Binging on foreign foodIt is worrying that our cereal import bill is higher than the farm budget of Rs40 billion
There appears to be no end in sight to the dangerous trend of excessive reliance on the import of agricultural products. Figures from the Department of Customs show that the cereal import bill amounted to Rs41.32 billion in 2016-17, up from Rs39 billion in the previous year. The import bill for the first 11 months of the fiscal yearhit a new record high, thanks to soaring demand for fine rice, and maize used as animal feed.
In fact, the cereal import bill is higher than the farm budget of Rs40.14 billion allocated for the next fiscal year. This is an unfortunate and worrisome trend for Nepal, which was an exporter of agro goods until the 1980s.
According to the Department of Customs, Nepal imported farm products worth Rs196 billion in the last fiscal year, up 11.36 percent year-on-year, setting off concern that the country’s dependence on imported food was ballooning out of control. The share of agro products in the last fiscal year’s total import bill of Rs984.06 billion has swelled to 20 percent.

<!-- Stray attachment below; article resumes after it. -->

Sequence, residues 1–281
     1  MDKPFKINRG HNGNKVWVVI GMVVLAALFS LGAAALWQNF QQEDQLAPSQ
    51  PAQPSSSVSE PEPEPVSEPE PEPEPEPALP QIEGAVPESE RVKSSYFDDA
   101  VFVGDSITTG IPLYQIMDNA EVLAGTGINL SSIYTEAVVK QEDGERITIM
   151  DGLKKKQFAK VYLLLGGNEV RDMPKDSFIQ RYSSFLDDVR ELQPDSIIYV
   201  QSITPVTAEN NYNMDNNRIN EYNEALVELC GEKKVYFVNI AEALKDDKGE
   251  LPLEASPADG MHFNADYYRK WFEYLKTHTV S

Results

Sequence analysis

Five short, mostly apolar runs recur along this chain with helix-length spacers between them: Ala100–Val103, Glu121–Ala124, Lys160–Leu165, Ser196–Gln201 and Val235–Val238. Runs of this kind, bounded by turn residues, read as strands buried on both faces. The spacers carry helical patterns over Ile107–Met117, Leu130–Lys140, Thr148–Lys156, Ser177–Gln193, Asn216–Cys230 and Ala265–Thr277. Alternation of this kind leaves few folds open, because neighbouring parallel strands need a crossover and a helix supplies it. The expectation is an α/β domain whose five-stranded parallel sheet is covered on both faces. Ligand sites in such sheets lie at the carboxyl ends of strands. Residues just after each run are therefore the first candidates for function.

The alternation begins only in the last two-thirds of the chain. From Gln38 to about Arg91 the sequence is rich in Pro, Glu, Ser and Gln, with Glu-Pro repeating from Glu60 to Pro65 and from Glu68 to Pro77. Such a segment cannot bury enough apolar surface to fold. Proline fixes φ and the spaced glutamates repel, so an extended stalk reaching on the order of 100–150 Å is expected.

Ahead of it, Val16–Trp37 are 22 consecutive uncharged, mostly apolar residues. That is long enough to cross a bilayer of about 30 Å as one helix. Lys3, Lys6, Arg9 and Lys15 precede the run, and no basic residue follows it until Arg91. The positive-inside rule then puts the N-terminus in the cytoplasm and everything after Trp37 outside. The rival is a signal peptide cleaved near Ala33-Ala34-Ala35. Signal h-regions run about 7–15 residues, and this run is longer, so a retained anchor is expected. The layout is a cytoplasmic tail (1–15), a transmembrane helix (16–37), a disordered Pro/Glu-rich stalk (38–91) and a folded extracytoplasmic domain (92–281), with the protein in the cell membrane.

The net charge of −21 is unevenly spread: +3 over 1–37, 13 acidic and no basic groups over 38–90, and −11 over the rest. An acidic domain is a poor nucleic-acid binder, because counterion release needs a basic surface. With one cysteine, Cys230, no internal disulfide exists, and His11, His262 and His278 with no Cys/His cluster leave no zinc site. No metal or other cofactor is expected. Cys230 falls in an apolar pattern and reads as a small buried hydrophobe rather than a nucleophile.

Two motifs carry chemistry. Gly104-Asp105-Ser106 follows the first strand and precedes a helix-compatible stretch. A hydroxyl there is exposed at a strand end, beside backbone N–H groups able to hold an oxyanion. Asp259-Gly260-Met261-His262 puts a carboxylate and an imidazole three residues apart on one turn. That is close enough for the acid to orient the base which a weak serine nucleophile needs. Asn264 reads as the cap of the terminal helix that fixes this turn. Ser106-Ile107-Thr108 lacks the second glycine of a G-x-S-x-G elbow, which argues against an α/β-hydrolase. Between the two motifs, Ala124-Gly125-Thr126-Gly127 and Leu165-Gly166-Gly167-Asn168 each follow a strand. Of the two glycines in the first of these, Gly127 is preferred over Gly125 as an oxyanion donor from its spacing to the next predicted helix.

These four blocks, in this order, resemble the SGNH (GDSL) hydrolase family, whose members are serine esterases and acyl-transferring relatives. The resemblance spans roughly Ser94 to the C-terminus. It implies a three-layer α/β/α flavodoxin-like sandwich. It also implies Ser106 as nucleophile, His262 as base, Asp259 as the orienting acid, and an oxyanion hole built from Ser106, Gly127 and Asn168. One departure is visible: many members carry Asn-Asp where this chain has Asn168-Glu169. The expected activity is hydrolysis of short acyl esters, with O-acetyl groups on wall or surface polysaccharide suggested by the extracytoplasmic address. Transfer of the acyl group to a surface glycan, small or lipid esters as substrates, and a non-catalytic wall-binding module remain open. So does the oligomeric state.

The current trend does not bode well for the country’s economy, given that the contribution of agriculture to the gross domestic product stands at 29 percent and close to 70 percent of its population depends on agriculture for livelihood. Nepal’s agriculture growth rate has averaged 2.9 percent in the last decade. A swelling middle class, expanding population and stagnant local agricultural production are driving up Nepal’s food imports. To add to it, a rapidly growing migratory trend, particularly of working age population going abroad for employment, has left the farm sector shorthanded.
The ailing agriculture sector should ring alarm bells and imports are unlikely to drop anytime soon. The current trend—fertile farmlands in the Tarai region being rapidly buriedunder concrete for uncontrolled development, too has stymied the growth of agriculture. Other factors include non-mechanised farming, regular lack of fertiliser, overdependence on rainwater and shortage of labour, among others. This needs urgent intervention.
The government has for years been saying that it will make the country self-sufficient in food, but this has proved elusive. Farm mechanisation and modernisation could help increase agricultural productivity. Irrigation facilities need to be expanded and innovation should be encouragedto produce enough food, not only to feed ourselves, but also to export like the country used to do in the past. Without the agriculture sector performing better, Nepal’s plan to graduate to a middle-income country by 2030 will remain a non-starter.